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Old 01-29-2007, 06:37 AM   #1
J_Szucs
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Registered: Nov 2001
Location: Budapest, Hungary
Distribution: SuSE 6.4-11.3, Dsl linux, FreeBSD 4.3-6.2, Mandrake 8.2, Redhat, UHU, Debian Etch
Posts: 1,126

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Extremely slow system


I had a quite fast SuSE 9.3 system on a PIII 750 + 256M RAM + ATI radeon 7000VE.

Then I made some changes:
- replaced the vga card and the hdd (plus added a new, 160G hdd that has some dma issues, so I connected it alone to the secondary ide controller)
- accidentally killed cdrom, RAM, and probably the PSU, too and resetted BIOS by inserting the power connector of the cdrom the wrong way; so I had to replace cdrom, RAM and PSU, then loaded the bios optimal settins , also disabling some not used ports. Meanwhile overlooking the fact that probably the bios reset put the system hdd in CHS mode instead of LBA.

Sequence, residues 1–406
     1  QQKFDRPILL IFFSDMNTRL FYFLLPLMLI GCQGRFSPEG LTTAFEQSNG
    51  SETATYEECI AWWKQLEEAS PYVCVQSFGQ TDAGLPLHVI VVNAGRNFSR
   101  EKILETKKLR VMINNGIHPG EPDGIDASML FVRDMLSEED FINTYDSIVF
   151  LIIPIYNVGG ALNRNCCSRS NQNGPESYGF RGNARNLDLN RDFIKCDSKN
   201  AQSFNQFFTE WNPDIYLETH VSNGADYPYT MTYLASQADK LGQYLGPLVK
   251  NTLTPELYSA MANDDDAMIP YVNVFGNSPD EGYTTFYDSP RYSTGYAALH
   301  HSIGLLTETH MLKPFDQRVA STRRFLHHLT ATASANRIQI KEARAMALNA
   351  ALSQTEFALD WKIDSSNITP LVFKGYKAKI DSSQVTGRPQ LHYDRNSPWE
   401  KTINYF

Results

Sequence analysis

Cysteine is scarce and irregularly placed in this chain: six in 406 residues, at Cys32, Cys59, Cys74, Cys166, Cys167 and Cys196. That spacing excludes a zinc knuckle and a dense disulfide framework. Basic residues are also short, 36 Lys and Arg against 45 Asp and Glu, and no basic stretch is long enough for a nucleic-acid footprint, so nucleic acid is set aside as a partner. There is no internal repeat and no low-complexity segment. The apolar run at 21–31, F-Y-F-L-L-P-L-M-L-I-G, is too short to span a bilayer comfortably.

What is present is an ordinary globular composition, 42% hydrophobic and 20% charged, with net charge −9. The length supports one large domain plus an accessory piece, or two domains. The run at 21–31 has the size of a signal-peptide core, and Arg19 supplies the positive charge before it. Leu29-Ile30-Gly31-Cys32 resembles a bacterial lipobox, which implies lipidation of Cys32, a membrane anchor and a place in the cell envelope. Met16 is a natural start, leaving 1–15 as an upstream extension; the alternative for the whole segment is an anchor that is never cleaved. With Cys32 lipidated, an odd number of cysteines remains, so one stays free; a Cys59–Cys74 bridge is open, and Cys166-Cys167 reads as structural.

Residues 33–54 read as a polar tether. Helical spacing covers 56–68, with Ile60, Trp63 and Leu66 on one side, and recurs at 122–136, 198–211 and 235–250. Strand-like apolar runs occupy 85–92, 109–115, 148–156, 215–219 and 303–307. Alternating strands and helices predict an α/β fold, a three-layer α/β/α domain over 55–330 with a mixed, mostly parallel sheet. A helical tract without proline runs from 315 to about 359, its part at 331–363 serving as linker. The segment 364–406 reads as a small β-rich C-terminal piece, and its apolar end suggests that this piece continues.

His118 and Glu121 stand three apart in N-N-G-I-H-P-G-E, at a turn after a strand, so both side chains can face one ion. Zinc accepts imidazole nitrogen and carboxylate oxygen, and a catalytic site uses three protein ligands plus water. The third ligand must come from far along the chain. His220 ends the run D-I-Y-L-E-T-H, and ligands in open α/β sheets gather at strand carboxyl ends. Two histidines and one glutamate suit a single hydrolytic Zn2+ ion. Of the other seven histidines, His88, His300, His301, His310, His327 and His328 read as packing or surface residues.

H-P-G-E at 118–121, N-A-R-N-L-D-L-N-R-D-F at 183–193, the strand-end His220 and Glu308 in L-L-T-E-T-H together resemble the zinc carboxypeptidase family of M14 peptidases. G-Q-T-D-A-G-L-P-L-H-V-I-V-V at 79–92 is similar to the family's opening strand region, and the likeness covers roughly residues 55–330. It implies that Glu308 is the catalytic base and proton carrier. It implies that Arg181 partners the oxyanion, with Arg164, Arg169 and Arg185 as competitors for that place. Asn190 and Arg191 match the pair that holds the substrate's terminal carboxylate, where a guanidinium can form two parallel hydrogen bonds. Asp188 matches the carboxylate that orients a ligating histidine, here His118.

Then I installed two new systems on the machine:
- created a bootable vfat partition for w98
- the w98 installer said that the disk size is wrongly indicated in the partition table, and wanted to correct it, which I approved
- I installed SuSE 10.1, but the installer said it cannot create the swap file system in this partitioning scheme (the linux partitions are on an extended partition). I terminated and restarted the installer, and the SuSE installer created the swap partition without any problems this time.

And now my problems:
The system randomly slows down for very long times. It is often so slow, that grub loads in 10 minutes, konqueror or konsole starts up in 1 minute, and each of my keystrokes e.g. in kwrite shows up seconds later. Meanwhile it is this f*cking slow, I do not see any excessive swap or CPU usage.
An other thing I do not understand : I start "top" and see its CPU usage is below 1%. Great. But now I start an other application that loads slowly (e.g. konqueror), and I see that the CPU usage of "top" goes up to 10%, plus the konsole process it was started from begins to eat up another 20%. Why?